The part of the sentence containing this phrase is "to alleviate the many ills to which the flesh is heir".
The question is "Could you paraphrase this correctly?"
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"to alleviate the many ills to which the flesh is heir" = "to alleviate all the bad things that humans suffer.
The expression to which the flesh is heir is taken from Shakespeare's play Hamlet (Act 3 Scene 1).
To die, to sleep—
No more—and by a sleep to say we end
The heartache and the thousand natural shocks
That flesh is heir to—’tis a consummation
Devoutly to be wished!
To which flesh is heir or That flesh is heir to is a poetic way of saying "that afflict us" (literally "that our bodies inherit")
Flesh means "mortal body", and is as opposed to the spirit or soul.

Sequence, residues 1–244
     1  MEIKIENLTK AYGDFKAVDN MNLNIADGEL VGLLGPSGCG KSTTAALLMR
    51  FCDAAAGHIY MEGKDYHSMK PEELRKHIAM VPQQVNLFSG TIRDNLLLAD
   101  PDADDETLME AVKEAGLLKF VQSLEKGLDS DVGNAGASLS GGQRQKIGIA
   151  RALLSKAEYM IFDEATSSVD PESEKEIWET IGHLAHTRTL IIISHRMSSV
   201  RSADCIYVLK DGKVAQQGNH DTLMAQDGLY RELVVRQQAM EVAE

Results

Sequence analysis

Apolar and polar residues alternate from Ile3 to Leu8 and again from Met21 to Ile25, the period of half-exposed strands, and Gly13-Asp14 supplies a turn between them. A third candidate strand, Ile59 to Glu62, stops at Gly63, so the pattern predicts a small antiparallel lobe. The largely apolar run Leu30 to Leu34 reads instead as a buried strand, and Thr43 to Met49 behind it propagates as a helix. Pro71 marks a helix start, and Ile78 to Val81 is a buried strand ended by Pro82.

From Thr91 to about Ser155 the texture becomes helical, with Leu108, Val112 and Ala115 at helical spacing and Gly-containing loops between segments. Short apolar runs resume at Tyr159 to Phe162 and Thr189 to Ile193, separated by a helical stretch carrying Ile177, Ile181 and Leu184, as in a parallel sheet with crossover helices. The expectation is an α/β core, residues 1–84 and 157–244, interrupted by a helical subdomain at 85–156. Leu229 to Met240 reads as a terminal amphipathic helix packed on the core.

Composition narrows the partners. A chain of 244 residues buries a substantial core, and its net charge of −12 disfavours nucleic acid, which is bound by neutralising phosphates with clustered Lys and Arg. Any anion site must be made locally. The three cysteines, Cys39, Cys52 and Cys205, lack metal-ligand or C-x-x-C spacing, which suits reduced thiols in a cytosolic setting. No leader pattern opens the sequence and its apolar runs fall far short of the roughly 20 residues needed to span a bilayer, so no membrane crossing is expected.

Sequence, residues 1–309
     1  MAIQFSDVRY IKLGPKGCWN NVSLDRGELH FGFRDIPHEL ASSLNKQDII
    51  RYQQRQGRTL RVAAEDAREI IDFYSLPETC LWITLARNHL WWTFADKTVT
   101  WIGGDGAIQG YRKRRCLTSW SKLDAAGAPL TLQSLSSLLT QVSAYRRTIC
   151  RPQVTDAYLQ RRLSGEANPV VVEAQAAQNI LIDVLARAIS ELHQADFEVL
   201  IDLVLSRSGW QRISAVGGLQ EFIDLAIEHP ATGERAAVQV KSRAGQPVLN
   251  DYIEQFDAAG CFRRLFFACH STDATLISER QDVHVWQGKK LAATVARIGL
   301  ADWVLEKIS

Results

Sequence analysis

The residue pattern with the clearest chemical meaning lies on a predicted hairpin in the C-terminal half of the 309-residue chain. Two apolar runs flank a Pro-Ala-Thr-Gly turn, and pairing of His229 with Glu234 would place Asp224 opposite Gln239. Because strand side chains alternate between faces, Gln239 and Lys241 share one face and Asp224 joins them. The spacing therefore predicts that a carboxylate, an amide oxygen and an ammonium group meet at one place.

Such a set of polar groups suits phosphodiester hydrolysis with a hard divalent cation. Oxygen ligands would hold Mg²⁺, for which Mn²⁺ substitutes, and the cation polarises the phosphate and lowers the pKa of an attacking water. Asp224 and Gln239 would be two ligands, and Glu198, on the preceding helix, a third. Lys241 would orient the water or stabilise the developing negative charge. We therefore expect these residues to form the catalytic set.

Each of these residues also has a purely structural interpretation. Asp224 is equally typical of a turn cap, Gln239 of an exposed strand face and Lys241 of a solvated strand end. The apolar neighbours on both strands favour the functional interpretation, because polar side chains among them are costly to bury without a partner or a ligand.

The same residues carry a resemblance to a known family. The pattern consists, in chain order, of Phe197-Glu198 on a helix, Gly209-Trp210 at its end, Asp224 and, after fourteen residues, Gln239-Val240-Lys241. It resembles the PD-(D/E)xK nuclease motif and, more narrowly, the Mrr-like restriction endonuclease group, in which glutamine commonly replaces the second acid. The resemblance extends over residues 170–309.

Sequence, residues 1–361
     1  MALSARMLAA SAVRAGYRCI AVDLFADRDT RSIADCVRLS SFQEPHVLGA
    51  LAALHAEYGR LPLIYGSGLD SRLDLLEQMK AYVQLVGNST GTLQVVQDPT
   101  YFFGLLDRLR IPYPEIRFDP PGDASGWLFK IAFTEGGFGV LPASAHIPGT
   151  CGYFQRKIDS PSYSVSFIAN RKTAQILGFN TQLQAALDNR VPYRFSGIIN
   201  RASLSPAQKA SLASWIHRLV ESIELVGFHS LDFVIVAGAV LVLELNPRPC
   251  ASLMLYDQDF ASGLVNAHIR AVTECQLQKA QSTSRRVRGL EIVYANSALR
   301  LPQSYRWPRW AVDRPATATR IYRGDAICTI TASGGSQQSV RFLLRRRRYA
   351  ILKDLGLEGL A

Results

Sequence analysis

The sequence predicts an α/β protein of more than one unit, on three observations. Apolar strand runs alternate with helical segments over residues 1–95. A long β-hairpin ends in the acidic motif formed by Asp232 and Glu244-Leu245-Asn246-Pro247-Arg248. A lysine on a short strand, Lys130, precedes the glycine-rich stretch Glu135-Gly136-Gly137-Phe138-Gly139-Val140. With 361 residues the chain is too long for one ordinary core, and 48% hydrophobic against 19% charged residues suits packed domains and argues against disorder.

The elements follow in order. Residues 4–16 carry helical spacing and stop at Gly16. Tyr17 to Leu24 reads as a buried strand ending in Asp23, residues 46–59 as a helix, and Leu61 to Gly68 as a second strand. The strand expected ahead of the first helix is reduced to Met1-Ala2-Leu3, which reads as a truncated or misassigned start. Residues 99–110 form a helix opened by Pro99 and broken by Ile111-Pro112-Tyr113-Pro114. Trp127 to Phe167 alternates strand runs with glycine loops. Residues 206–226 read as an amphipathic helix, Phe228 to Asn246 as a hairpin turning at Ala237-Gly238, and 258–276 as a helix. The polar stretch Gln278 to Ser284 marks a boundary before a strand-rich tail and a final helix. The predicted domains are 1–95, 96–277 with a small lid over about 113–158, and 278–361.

"Flesh" is the muscle, fat and sinew of the human body, what we might call "meat" in a non-human animal. By synecdoche (using a part to refer to the whole), it means "body" or "physical form".
"To be heir to something" (in this case, "which", referring to "the many ills") means "to inherit something" or "to get something by means of a will". Metaphorically, the "will" (as in "last will and testament") is dropped and "inherit" instead implies a certain inevitability to the "getting". If you really wanted to push it, I'm sure you could come up with something about God's will.
In short, "the many ills to which the flesh is heir" refers to the many diseases, injuries, and other problems the body gets because it's a body with a physical presence in the physical world. This isn't just age or fatigue and their effects, by the way. It also includes actual diseases and injuries, as opposed to more spiritual or emotional ills, such as greed or heartbreak.
"To alleviate", meanwhile, means "to soothe" or "to lighten" (as a load).
So, to paraphrase,
"to alleviate the many ills to which the flesh is heir"
"to soothe the many problems the body gets because it is physical"